Embarking on a global culinary adventure with Indian cuisine
Kamal Kant Pant, Principal of Institute of Hotel Management Pusa, New Delhi, shares insights about how enhancing the recognition and popularity of Indian cuisine in international markets can positively impact various sectors, including food processing, exports, and farmers’ incomes.
He discusses the learning that we can draw from countries like Italy and Thailand for promoting India’s culinary excellence on the global stage, collaboration of Government with industry stakeholders for effective strategies for promoting Indian cuisine internationally and various other aspects.
IBT: Italy and Thailand have successfully leveraged their cuisines to boost exports and tourism. What key learnings can India draw from their experiences in promoting culinary excellence on the global stage?
Kamal Kant: Italy and Thailand have rich food culture, varied regional cooking styles, which connect with the masses. Both the countries offer a wide range of traditional meals, street food and fast food/ Combo meal options. That is why they could ignite interest in people of all age groups. Some of the key learnings for India could be:
Authentic Regional Cuisines of India: India, a subcontinent, has a varied climate, soil and vegetation and therefore the cooking style changes accordingly. Our cuisine contains many distinct regional cuisines. For most people, it is hard to imagine a country of the size of India with its diversity. Our diverse food, language and culture could bring home the larger concept of our country to the world. This diversity could become our strength if we can showcase the regional cuisines of India to a global traveler.
In advertising, the stories and emotions they evoke attracts the buyers to a product. Cuisines of India need to be marketed in a similar fashion. Documentation of stories and not just the recipes holds the key. Indian cuisine is taste bound and not really bounded by standard recipes, in the absence of a standardized produce year round.
However, we need to create a continuous chain of knowledge transfer to the younger generations of chefs, so some degree of documentation and standardization is required. Establishing culinary schools or promoting courses of authentic Indian cuisine (which also have a practical exposure component) can help in bridging the gap between home cooked food and restaurant/commercial food.
Export Promotion: Every food movement to popularize a cuisine in the global market is usually started by the ingredient suppliers/ exporters. In the case of India, it has happened by pull mechanism, wherein Indian diaspora and few other enthusiasts convinced their local stores to import spices and ingredients from the country. Other ingredients like rice, lettuce etc were used by the importing countries in their own recipes.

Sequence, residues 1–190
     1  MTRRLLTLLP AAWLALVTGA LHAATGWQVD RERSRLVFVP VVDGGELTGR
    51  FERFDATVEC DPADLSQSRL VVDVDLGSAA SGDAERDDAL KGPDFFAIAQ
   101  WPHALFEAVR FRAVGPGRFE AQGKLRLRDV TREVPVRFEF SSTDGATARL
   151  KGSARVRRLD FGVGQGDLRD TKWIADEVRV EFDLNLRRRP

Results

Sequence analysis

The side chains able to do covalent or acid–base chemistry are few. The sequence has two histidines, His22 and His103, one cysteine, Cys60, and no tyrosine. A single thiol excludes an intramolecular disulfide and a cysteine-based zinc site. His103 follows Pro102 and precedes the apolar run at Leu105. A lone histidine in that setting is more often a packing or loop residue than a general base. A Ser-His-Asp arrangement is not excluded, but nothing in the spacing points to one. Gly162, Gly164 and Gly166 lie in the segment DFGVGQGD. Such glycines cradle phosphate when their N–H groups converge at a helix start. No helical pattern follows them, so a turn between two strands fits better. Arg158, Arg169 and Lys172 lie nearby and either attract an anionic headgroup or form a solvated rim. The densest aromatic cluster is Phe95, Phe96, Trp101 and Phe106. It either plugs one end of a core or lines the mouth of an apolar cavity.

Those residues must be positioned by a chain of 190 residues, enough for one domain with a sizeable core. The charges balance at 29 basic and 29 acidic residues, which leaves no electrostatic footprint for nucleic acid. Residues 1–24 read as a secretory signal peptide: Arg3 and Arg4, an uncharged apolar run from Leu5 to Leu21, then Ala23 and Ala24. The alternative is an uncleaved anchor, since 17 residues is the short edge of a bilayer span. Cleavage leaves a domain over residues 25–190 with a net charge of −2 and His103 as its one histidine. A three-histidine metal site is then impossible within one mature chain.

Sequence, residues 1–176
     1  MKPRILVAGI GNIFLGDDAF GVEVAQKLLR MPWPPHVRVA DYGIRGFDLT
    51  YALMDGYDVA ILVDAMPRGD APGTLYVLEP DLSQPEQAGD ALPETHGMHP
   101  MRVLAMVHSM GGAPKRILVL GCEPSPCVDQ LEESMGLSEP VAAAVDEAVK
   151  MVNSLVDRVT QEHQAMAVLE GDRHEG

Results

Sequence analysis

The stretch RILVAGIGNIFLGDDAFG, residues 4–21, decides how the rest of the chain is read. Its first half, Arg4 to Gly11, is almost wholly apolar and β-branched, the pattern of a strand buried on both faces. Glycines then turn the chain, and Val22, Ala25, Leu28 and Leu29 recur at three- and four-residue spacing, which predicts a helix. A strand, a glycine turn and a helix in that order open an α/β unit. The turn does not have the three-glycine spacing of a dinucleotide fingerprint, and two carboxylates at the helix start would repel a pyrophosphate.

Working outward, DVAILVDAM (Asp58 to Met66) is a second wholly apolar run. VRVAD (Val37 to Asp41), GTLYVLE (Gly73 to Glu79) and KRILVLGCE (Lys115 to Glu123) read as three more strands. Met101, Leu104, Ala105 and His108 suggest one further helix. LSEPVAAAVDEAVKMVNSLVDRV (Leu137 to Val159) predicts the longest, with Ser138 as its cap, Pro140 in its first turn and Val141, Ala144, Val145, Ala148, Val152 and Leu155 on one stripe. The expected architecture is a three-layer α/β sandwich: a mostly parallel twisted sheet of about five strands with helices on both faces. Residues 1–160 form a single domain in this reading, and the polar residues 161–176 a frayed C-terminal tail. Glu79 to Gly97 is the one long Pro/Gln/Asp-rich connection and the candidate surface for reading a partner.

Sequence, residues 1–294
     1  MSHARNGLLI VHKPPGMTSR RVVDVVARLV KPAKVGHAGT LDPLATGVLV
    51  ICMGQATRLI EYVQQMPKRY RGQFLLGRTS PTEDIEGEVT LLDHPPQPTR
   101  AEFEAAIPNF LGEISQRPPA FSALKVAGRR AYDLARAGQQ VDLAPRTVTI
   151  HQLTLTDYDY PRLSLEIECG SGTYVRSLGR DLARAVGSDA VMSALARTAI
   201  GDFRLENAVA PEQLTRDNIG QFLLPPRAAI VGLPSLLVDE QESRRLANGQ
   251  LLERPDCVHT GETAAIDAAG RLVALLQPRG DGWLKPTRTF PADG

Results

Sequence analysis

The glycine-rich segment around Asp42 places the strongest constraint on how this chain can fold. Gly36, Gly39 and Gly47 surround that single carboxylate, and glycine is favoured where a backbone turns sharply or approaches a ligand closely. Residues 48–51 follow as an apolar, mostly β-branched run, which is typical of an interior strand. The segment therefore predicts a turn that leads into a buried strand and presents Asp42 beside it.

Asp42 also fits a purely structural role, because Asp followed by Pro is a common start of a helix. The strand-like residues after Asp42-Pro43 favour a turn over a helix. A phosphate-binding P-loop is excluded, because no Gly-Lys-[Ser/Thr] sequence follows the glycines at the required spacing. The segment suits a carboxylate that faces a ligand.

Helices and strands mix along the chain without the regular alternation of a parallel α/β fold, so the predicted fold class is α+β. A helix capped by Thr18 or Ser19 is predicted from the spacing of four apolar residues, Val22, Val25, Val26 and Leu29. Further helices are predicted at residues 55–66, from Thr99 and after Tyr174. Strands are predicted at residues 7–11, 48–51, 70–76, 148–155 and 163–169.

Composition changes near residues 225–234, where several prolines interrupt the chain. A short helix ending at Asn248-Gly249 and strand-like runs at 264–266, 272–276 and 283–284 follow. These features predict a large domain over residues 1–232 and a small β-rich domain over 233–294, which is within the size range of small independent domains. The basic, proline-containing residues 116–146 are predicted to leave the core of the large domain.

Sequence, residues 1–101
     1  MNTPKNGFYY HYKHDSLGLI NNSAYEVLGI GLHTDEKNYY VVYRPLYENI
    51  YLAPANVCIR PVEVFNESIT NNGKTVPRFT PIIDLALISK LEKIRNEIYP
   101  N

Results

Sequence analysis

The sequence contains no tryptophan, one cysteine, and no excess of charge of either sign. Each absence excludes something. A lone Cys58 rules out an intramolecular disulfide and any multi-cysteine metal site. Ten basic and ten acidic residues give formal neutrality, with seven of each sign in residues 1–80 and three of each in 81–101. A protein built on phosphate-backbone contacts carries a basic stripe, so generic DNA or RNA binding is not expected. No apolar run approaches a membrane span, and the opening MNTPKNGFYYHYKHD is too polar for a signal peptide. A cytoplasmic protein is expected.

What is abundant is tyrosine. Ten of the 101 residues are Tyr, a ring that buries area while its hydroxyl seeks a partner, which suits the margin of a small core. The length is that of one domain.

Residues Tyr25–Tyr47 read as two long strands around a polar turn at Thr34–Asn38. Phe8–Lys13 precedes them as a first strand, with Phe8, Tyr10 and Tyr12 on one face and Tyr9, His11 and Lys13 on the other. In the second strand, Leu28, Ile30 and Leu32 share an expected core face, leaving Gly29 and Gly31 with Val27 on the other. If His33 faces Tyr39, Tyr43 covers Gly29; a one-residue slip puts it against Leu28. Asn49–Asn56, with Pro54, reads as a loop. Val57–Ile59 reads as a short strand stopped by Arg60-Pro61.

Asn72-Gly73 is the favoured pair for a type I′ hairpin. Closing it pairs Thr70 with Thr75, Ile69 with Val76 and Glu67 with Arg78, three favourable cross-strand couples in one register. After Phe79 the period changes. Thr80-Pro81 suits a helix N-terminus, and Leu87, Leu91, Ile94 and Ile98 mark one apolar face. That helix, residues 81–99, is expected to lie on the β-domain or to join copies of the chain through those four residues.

This is unlike how the Italians or Spaniards or Japanese would promote their ingredients. They bring their food culture and cuisine with the ingredients. Availability of ingredients sets the ground for new cuisines to create a fan base at the world level. Indian exporters of spices, local ingredients, rice etc need to incorporate native cuisines specialist chefs in their value chain to complete the ecosystem.
Food promotion through festivals: Creating a buzz in the market, showcasing the best of food, flavors, textures through food festivals from time to time is a great way to promote Epicurean Tourism.
Slow food of India: Fresh, local, seasonal has been the base of our cuisine, no matter which region it is. This could be aligned with the global slow food movement and make our cuisine appeal to niche markets of health and sustainability.
IBT: How can the Indian government collaborate with industry stakeholders to develop effective strategies for promoting Indian cuisine internationally? What role can culinary experts like yourself play in this endeavor?
Kamal Kant: The Indian government needs to collaborate with industry stakeholders, including culinary experts. The Government can constitute a Culinary Advisory Committee of renowned chefs, culinary educators, food writers, and industry leaders, who can come together on one platform to share ideas, brainstorm on new initiatives and give recommendations on policies and strategies to promote Epicurean Tourism. As hospitality educators, we can contribute in exploring the regional cuisines, documentation and possible standardization of the recipes. Few more areas could include-